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Etiquette: Use of Color

Posted by on Oct 2, 2015

“I never really paid attention to the color of ink I chose to write in. Then my boss handed me a pen with four different colors and a new client to impress. I froze.”

 

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We’ll thaw you out in no time.

A modern and somewhat superficial take on this matter seemingly endorsed by Bic dictates:

Red = Important and urgent.

Blue = Important and semi-urgent.

Black = Important and not urgent.

Green = Not important or urgent.

 

This seems to speak only to to-do lists and the jotting down and organizing of notes. A deeper and more correspondence driven understanding does exist, so let’s try this on for size:

 

Red = Correcting errors. Used in bookkeeping, as well.

Blue = Social correspondences.

Black = Business correspondences. 

Green = Stocktaking.

 

As in all other matters, there are caveats here.

 

Some office work requires the use of blue ink so as to easier distinguish originals from copies. In keeping with this, a Notary Public will most likely hand you a blue pen.

 

Further into the aforementioned realm of bookkeeping:

 

Red = Debits. 

Black (Less often blue) = Credits.

Green = Recordings that offer no change in value.

 

Green serves in tutoring circles for a secondary correction beyond red. The interesting niche life of green plays a hand in political and government offices, as well. Letters written in by citizens are replied to if notated with green ink.

 

In the end, perhaps it is succinctly enough put by John Morgan in his Modern Manners:

“Black remains the most correct and distinguished choice. Blue is very much in second place and is thought more suitable for women than for men. Blue-black is only appropriate for schoolboys. Coloured inks, although more acceptable than before, are still considered very suspect in traditional circles.”

Except for the fact I personally disagree.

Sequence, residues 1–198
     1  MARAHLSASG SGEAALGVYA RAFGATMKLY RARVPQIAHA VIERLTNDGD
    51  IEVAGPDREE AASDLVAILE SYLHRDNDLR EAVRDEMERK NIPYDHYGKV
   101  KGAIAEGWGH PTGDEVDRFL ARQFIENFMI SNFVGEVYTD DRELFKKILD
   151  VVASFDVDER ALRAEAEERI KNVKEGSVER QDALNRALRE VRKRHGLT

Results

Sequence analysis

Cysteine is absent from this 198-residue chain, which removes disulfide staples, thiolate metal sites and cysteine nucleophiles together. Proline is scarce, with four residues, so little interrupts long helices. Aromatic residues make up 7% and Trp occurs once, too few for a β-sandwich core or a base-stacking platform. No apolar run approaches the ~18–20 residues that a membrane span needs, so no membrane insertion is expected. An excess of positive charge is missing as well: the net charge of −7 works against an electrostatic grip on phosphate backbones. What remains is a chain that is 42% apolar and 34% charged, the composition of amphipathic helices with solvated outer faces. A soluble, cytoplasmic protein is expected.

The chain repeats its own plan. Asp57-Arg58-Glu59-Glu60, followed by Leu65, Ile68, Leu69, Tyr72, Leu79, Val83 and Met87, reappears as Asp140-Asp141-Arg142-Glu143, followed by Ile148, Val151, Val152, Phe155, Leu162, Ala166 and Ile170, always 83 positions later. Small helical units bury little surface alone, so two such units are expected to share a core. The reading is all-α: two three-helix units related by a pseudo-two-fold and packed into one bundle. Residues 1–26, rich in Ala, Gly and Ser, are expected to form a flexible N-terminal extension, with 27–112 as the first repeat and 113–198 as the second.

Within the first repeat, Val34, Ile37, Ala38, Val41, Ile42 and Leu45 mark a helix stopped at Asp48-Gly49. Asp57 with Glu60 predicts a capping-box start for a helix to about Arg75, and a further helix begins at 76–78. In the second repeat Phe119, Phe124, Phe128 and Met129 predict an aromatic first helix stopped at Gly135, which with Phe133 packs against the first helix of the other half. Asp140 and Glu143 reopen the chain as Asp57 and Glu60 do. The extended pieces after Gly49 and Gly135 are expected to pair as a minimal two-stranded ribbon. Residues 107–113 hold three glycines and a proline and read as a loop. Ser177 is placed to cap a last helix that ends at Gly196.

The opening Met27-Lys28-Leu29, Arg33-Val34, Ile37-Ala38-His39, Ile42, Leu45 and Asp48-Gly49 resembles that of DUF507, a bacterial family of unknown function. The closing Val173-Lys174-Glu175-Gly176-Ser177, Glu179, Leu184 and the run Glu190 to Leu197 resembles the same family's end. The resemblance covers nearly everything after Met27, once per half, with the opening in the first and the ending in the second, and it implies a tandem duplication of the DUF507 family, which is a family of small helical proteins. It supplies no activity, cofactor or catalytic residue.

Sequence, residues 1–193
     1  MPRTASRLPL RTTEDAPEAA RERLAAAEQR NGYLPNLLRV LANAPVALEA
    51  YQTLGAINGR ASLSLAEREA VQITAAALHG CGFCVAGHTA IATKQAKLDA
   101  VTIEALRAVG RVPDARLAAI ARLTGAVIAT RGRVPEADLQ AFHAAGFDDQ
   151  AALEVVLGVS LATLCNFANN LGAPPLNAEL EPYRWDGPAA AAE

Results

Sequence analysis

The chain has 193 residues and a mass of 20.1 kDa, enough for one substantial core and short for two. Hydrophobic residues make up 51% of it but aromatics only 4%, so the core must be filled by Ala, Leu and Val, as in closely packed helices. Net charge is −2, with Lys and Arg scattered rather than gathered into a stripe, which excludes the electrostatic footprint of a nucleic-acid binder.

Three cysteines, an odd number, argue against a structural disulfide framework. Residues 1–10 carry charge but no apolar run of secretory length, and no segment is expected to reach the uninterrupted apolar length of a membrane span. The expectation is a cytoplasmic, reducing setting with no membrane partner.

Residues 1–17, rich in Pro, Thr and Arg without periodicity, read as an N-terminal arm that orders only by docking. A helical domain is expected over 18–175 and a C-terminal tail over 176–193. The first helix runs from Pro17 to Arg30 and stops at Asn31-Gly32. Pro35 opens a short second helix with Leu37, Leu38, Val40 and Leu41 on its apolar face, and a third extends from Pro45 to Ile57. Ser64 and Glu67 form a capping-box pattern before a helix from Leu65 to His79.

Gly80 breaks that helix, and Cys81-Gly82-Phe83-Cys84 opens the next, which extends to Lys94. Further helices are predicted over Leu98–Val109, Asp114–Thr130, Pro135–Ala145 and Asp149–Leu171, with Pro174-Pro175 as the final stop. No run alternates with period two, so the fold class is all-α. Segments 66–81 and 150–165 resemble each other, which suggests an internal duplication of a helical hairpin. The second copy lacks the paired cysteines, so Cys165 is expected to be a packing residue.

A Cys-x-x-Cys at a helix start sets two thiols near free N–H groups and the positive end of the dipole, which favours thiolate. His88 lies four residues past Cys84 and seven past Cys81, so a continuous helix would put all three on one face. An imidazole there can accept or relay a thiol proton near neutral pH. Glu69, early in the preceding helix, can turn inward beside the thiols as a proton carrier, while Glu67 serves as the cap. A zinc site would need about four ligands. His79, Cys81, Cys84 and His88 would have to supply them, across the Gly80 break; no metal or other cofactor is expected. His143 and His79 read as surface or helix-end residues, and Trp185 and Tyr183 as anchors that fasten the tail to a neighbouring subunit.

If you take all evidence in mind, blue seems the best, if not safest bet — if you ever find yourself frozen again. Its lone drawback being the risk of appearing overly familiar in a formal correspondence. However, I feel that if that great of a transgression would be at stake, black would be an obvious choice and not requiring of a weighing of options. 

 

Plus, stylistically speaking, blue pops well as compared to oft characterless black — yet remains near universally acceptable.

 

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You can email your questions to me at nsk57033@gmail.com, or tweet them to me @iamkap. If you wish to be anonymous, or answered privately, please include that information in your original correspondence. 

 

Thank you.

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Born in Brooklyn New York, Kaplowitz quickly ran away with the circus and somehow landed as a chef in the Chicago and Baltimore areas. He is a published author of poetry and prose, as well as a well seasoned podcaster and radio guy. Among his hobbies Kap counts writing bios of himself in the third person, casino trips, and walking his Dachshund, Ruby Vondella. Please follow him on Twitter @iamkap to be alerted as to his frequent Thrift Store purchases.

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